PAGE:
• Medical Oversight: Access to psilocybin therapy would require a referral from a licensed healthcare professional, emphasizing a medical framework rather than personal use.
  • Social Equity Program: Aim to assist low-income individuals in affording psychedelic therapy, addressing access and affordability.
  • Therapeutic Emphasis: Shifts language from “clients” to “patients” and from “integrated session” to “integrated therapy session,” reflecting a medicalized approach.

Critics argue this approach might limit broader access and benefit for-profit entities, comparing it unfavorably with New Jersey’s troubled medical marijuana program, which they claim has failed to adequately serve patients. Advocates like Chris Goldstein from NORML (a drug reform advocacy group) and Kristen Goedde from Trichome Analytical have expressed concerns that the amendments could repeat past mistakes by overly restricting access and not allowing personal cultivation.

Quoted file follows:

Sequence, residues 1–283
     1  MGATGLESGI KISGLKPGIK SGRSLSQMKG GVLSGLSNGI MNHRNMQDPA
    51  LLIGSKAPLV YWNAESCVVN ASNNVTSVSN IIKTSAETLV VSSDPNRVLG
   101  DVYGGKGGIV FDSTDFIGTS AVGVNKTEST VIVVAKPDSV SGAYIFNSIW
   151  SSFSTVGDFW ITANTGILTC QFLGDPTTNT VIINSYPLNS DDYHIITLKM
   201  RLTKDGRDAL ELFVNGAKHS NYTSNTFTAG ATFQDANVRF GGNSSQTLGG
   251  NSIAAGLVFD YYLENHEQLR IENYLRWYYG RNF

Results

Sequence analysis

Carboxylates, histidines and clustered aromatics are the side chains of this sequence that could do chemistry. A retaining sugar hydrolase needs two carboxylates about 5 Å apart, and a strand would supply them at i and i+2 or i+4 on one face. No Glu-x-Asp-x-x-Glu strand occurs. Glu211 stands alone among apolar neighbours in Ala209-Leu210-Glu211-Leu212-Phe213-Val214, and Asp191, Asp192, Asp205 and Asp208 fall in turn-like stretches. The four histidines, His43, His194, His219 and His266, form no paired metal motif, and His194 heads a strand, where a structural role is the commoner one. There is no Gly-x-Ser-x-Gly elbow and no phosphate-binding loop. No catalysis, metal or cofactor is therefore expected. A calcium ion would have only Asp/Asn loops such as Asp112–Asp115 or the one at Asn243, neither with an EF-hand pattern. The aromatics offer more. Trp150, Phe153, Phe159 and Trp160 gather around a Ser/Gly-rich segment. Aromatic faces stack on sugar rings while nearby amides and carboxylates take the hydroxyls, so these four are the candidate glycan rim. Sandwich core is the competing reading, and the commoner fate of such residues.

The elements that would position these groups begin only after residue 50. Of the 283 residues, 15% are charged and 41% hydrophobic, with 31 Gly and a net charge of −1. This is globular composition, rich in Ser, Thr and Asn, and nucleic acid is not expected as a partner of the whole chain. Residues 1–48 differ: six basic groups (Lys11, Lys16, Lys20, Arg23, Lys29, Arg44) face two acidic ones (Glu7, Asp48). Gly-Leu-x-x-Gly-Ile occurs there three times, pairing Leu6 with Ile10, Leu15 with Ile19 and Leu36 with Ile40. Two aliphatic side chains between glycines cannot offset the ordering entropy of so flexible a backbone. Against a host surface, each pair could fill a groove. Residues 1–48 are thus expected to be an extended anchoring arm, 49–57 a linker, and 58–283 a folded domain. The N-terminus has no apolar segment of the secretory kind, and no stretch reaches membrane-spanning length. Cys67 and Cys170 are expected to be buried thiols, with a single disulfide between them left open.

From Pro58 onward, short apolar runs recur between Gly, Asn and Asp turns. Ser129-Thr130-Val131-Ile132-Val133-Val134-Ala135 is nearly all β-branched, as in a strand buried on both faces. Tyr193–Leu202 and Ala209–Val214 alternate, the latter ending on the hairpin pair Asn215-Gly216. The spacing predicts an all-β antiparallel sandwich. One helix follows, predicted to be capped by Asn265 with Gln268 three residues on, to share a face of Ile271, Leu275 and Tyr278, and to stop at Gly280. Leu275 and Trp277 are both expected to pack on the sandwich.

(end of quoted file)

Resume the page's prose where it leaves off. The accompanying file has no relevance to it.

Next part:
Despite these concerns, the bill represents a cautious but progressive approach to psilocybin, aligning with a growing recognition of its therapeutic potential. This is supported by recent polls indicating that a majority of New Jersey residents favor legalizing psilocybin for medical use under a doctor’s supervision.

As the bill progresses, it will require further debate and refinement to balance regulatory oversight with broad accessibility, ensuring that therapeutic potential is not overshadowed by commercial interests.(2)

Psychedelics and Long-COVID: A Promising Case Study

Psychedelics and Long-COVID

As detailed by PsyPost, a recent publication in Clinical Case Reports examines the case of a 41-year-old woman who utilized psilocybin and MDMA to combat severe symptoms of Long-COVID. This intriguing study suggests that psychedelics may offer relief from the persistent psychological and cognitive impairments that many Long-COVID sufferers experience.

Long-COVID refers to the continuation of symptoms like fatigue, cognitive issues, and depression long after recovery from the initial COVID-19 infection. Traditional treatments often fall short, prompting some patients to explore alternative therapies. The patient in this study, after experiencing minimal benefits from conventional treatments and long wait times for specialized care, turned to psychedelics under professional guidance.

The therapeutic journey began with psilocybin mushrooms and was later combined with MDMA. The results were promising:

  • The first psilocybin session yielded a temporary 20% symptom improvement.